How To Explain Divorce To a 5-Year-Old

All children want their family to be together. But when things just don’t work out, how do you break the news gently – especially to a young child?


Parents can try hard to work their personal issues out; however, it’s not always that easy. Sometimes people either grow apart or something happened in the marriage that is unforgettable.

The children are the ones who feel the emotional toll the most in a situation like this. How do you explain to your 5-year-old child that mommy and daddy are getting a divorce?

Only Explain What they Need to Know

It’s not ideal to bash the other parent, no matter who did wrong. The only thing your child needs to know and will be genuinely curious about is how this situation will affect their lives.

They are likely going to wonder who they will live with, if they will need to switch schools, and other questions – so be prepared to answer.

Be Sure it’s the Right Time

Until you and your spouse are 100% sure that a divorce is what you both want, keep it to yourselves. Once you both decide a divorce is the only solution, that’s when you can consider a time to tell your child.

It’s only going to confuse your child if you tell them that “mommy and daddy are considering a divorce.”  There’s never a “good” time to tell a child their parents are getting a divorce. However, consider a time when you will all be home together, in no hurry to go anywhere else.

For example, you will want to refrain from telling your child before school, on the way to a sports game, or even before bed.

Bottle Up Your Differences and Do it Together

You and your spouse have your own personal issues – that’s why you’re going to get a divorce. However, you need to set those differences aside as you talk to your child.

It’s hard enough for a 5-year-old when he or she hears mom and dad won’t be living under the same roof anymore. If your child can see you getting along and discussing this in a calm way, it will be much easier.

It’s wise to plan your discussion with your spouse ahead of time so there is nothing that will be said that may spark an argument.

Show How Much You Love Them

A young child is going to need to hear how much his or her mom and dad still love them unconditionally. No matter if parents are in the same house, the child must know he or she will be loved just the same, according to Dr. Robert Ludwig Psy.D.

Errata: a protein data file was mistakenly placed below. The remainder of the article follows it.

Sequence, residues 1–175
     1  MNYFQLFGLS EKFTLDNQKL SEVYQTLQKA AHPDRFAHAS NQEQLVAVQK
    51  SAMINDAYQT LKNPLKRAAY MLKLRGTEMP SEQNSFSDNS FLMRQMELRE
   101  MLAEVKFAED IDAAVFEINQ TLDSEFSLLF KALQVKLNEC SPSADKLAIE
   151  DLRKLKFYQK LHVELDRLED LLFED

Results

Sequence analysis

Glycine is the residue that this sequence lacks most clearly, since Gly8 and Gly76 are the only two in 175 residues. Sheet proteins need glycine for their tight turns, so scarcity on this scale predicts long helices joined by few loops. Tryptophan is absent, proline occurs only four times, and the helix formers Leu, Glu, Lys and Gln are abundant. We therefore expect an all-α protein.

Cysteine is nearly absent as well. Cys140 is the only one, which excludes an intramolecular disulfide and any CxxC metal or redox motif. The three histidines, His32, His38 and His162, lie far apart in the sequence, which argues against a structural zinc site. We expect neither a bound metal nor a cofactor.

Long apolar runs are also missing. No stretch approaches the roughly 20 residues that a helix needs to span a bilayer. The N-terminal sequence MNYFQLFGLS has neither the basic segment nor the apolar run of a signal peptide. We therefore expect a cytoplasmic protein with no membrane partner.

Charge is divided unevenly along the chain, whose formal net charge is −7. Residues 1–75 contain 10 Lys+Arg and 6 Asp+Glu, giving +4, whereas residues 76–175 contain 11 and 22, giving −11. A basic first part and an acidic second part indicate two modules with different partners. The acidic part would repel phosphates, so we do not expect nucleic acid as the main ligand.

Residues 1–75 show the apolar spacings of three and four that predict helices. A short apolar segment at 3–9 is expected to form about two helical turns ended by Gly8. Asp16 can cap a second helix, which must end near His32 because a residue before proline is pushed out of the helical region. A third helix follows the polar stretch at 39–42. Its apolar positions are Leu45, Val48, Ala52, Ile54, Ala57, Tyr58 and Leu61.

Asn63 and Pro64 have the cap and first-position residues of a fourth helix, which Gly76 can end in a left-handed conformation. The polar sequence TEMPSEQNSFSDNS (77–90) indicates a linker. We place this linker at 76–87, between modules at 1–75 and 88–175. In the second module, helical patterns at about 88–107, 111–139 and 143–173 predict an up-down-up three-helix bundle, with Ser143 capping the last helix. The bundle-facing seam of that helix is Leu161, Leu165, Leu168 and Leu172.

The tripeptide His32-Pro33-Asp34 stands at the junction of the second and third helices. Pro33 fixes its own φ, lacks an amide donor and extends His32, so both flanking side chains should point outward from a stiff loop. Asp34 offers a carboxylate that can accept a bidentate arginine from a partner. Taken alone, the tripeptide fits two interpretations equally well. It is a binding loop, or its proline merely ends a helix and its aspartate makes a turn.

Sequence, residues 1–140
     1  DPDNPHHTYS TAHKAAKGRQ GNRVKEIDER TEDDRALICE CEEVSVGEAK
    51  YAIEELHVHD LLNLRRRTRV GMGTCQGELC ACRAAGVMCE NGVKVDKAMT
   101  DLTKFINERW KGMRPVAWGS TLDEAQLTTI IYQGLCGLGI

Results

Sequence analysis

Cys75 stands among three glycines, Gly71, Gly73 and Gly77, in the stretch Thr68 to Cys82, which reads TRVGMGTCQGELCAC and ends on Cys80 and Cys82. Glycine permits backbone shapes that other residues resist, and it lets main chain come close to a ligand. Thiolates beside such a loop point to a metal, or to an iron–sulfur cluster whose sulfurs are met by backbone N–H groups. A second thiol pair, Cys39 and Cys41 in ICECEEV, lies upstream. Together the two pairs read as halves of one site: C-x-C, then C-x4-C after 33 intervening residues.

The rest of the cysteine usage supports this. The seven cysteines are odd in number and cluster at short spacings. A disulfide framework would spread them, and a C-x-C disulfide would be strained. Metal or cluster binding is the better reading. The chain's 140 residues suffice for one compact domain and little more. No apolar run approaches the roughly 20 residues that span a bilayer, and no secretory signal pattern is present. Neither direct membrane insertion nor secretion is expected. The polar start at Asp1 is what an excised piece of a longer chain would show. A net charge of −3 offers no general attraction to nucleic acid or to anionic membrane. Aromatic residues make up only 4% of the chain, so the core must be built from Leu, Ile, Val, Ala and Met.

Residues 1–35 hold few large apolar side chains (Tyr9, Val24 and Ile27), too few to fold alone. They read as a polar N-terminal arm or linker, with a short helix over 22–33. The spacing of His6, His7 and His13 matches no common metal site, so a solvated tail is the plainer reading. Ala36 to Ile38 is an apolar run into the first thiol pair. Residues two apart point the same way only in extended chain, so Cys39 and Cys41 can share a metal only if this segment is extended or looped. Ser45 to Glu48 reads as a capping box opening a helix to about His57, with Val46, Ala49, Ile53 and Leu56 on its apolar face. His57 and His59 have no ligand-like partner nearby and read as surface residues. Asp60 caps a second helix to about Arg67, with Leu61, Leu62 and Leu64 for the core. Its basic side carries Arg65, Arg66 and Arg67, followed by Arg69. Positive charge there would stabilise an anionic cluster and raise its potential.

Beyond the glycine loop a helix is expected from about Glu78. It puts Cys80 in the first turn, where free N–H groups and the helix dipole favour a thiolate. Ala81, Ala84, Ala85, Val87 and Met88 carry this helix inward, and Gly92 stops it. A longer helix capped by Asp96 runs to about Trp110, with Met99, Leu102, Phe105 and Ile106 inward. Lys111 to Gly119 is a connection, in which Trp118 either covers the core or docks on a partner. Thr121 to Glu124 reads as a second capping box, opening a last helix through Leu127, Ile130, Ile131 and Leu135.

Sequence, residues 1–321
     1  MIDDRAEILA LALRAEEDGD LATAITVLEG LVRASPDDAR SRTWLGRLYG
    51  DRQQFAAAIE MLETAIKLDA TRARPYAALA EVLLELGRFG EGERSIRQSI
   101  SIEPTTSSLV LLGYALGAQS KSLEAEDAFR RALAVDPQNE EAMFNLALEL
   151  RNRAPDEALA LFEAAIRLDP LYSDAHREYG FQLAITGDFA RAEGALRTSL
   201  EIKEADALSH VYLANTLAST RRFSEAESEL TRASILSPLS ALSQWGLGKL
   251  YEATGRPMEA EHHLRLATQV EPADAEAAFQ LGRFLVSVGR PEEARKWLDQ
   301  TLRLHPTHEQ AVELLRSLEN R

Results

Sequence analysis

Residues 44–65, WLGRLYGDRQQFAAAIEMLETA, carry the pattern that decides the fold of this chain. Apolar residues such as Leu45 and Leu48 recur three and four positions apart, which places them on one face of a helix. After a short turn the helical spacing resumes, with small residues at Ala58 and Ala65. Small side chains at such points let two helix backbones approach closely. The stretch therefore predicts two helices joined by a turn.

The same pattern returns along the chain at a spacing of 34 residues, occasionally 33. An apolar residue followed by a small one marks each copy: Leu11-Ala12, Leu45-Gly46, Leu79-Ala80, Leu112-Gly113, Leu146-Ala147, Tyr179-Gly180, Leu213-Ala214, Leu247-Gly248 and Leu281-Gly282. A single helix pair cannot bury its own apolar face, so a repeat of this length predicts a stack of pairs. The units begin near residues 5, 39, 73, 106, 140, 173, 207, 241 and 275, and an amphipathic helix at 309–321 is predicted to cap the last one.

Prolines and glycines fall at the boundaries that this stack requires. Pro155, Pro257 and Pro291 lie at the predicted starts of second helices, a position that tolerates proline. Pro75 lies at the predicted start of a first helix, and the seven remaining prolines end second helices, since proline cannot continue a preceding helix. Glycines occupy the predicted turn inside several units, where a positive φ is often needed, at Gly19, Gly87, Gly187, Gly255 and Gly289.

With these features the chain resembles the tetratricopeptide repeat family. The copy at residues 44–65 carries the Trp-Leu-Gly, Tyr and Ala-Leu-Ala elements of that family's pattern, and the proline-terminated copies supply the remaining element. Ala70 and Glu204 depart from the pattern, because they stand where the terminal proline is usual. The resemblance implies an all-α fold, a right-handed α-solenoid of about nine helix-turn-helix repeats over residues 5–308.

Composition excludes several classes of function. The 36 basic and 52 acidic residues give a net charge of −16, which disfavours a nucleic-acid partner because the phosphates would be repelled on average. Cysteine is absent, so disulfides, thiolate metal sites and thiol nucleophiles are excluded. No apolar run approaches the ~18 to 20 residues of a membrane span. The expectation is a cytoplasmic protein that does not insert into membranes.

Explain that Divorces Happen in Other Families, Too

As soon as you and your spouse make a final agreement and plan a day for one of you to move out, it’s best to give your child two weeks ahead of time. Kids need at least two weeks notice to process this type of information, says Shirley Thomas, a child psychologist, “and be sure to remind your children how involved each parent will be in their life.”

What The Experts Say

“Many children carry the battle scars of divorce well into adulthood. But broken-up spouses can help stop the damage by managing their own behavior before the ink dries on the divorce papers.”

Gary Neuman, LMHC, Family and Divorce Expert


“If the marriage is tumultuous, divorce can be a relief to the kids. If a parent is abusive (physically and/or emotionally), has a substance abuse problem or causes constant chaos within the home environment, children often benefit from the separation.”

Dr. Ruth Peters, PhD.


“Three 10-minute conversations are more effective than one half-hour talk.

Shirley Thomas, child psychologist


“Children need to understand that they did not cause the divorce, and have their questions answered honestly, at their level of understanding.”

Dr. Michael Yogman
Heather Burdo

Heather is a freelance writer from New York. She has a passion for health and parenting. Heather has written for the Gluten-Free Living magazine,, Project Eve Moms, and others.

About The Toddle

We’re a media company helping parents get clearer answers to questions about raising smart, healthy kids. Get in touch to learn more about our mission.

7119 E Shea Blvd #109-176, Scottsdale, AZ 85254
(623) 226-8142